Naples at Table: Cooking in Campania
Arthur Schwartz, popular radio host, cookbook author, and veteran restaurant critic, invites you to join him as he celebrates the food and people of Naples and Campania. Encompassing the provinces of Avellino, Benevento, Caserta, and Salerno, the internationally famous resorts of the Amalfi Coast, Capri, and Ischia -- and, of course, Naples itself, Italy's third largest and most exuberant city -- Campania is the cradle of Italian-American cuisine.
In Naples at Table, Arthur Schwartz takes a fresh look at the region's major culinary contributions to the world -- its pizza, dried pasta, seafood, and vegetable dishes, its sustaining soups and voluptuous desserts -- and offers the recipes for some of Campania's lesser-known specialties as well. Always, he provides all the techniques and details you need to make them with authenticity and ease.
Naples at Table is the first cookbook in English to survey and document the cooking of this culturally important and gastronomically rich area. Schwartz spent years traveling to Naples and throughout the region, making friends, eating at their tables, working with home cooks and restaurant chefs, researching the origins of each recipe. Here, then, are recipes that reveal the truly subtle, elegant Neapolitan hand with such familiar dishes as baked ziti, eggplant parmigiana, linguine with clam sauce, and tomato sauces of all kinds.
This is the Italian food the world knows best, at its best -- bold and vibrant flavors made from few ingredients, using the simplest techniques. Think Sophia Loren -- and check out her recipe for Chicken Caccistora! Discover the joys of preparing a timballo like the pasta-filled pastry in the popular film Big Night. Or simply rediscover how truly delicious, satisfying, and healthful Campanian favorites can be -- from vegetable dished such as stuffed peppers and garlicky greens to pasta sauces you can make while the spaghetti boils or the Neapolitans' famous long-simmered ragu, redolent with the flavors of meat and red wine. Then there's the succulent baked lamb Neapolitans love to serve to company, the lentils and pasta they make for family meals, baked pastas that go well beyond the red-sauce stereotype, their repertoire of deep-fried morsels, the pan of pork and pickled peppers so dear to Italian-American hearts, and the most delicate meatballs on earth. All are wonderfully old-fashioned and familiar, yet in hands of a Neapolitan, strikingly contemporary and ideal for today's busy cooks and nutrition-minded sybarites.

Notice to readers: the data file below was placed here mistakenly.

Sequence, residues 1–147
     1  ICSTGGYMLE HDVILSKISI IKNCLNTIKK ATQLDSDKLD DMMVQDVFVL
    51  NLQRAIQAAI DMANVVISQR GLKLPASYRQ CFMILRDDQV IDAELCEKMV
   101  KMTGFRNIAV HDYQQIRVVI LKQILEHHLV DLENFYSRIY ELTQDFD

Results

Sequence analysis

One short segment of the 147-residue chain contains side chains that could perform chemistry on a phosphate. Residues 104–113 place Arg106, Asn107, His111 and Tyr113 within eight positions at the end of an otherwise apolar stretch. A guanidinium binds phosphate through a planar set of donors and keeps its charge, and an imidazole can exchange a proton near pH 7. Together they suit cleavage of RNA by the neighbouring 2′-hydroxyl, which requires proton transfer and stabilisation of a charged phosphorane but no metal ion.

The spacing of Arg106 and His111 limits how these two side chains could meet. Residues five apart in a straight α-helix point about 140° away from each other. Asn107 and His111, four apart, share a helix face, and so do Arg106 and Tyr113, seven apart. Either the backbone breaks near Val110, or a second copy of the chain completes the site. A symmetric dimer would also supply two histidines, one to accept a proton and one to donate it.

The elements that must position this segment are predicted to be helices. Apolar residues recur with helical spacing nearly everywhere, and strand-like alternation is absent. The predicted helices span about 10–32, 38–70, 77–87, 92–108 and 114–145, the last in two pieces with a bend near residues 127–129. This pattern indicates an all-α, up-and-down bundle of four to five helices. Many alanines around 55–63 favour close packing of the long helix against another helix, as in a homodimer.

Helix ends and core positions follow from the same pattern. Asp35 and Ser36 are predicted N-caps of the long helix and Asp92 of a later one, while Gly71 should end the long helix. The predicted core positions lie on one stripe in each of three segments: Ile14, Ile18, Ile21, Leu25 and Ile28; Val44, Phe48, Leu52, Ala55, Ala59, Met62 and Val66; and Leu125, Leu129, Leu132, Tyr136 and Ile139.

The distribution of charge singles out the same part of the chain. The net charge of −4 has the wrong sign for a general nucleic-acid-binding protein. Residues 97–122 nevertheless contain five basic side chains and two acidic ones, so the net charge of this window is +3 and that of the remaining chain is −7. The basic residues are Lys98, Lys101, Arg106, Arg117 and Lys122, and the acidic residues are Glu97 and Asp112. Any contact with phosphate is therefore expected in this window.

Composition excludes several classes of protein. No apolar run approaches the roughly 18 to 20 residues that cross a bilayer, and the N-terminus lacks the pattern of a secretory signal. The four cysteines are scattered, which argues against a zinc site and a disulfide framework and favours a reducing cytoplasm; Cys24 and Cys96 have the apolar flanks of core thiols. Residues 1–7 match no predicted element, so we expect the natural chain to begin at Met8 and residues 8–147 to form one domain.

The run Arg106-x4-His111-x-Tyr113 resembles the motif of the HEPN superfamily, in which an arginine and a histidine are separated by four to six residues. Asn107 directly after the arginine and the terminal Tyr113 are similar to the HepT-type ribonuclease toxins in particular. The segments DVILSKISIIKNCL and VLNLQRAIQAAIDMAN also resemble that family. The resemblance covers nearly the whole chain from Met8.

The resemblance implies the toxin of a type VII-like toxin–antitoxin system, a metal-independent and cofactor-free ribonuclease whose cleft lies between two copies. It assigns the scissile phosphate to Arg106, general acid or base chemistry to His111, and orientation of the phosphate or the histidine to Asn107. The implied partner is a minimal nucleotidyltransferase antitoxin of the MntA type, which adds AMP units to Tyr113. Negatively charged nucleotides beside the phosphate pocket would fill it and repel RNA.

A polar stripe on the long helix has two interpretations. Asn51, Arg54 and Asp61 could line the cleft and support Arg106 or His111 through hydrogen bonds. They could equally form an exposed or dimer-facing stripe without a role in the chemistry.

Finally, what better way to feed a sweet tooth than with a Neapolitan dessert? Ice cream and other frozen fantasies were brought to their height in Baroque Naples. Baba, the rum-soaked cake, still reigns in every pastry shop. Campamnians invented ricotta cheesecake, and Arthur Schwartz predicts that the region's easily assembled refrigerator cakes -- delizie or delights -- are soon going to replace tiramisu on America's tables. In any case, one bite of zuppa inglese, a Neapolitan take on English trifle, and you'll be singing "That's Amore."
A trip with Arthur Schwartz to Naples and its surrounding regions is the next best thing to being there. Join him as he presents the finest traditional and contemporary foods of the region, and shares myth, legend, history, recipes, and reminiscences with American fans, followers, and fellow lovers of all things Italian.
I acclimated quickly to Naples. The palm trees in the park along the sea seduced me. The decrpiet Baroque splendor of the city stunned me...And, of course, there was the food. The catering shops carried all kinds of macaroni-filled pastries, individual size and huge ones to cut a wedge from; cakes of fried pasta, fried balls of rice, stacks of vegetable frittatas, baked lasagne, and ziti. There were fry shops with fritters and croquettes, trendy pizzerias with long pies sold by the meter, and traditional pizzerias, every surface white marble, where I first learned to eat pizza with a knife and fork. I indulged in pastries and baba every morning and afternoon, drank short, powerful coffeess all day, and finished each evening with a stroll and a gelato. I ate linguine with clams oin Posillpo (then took a nap on a jetty on the sea); drank Gredo di Tufo (whoite winer) and stuffed myself and buffalo mozzarella at every opportunity. I could see right away it was a tough place to eat through, so I kept going back for more.
There were still warm almond-studded taralli, rings of crisp lard dough, from a street vendor by the sea, pasta and beans on a nineteenth-century trattoria, lamb ragu and cavatelli in the hills of Benevento, goat ragu and fusilli in the Monti Alburni, squid and potatoes on Capri, rabbit braised in tomatoes on Ischia, fish stew at the beach near Gaeta, the lemon chicken in Ravello.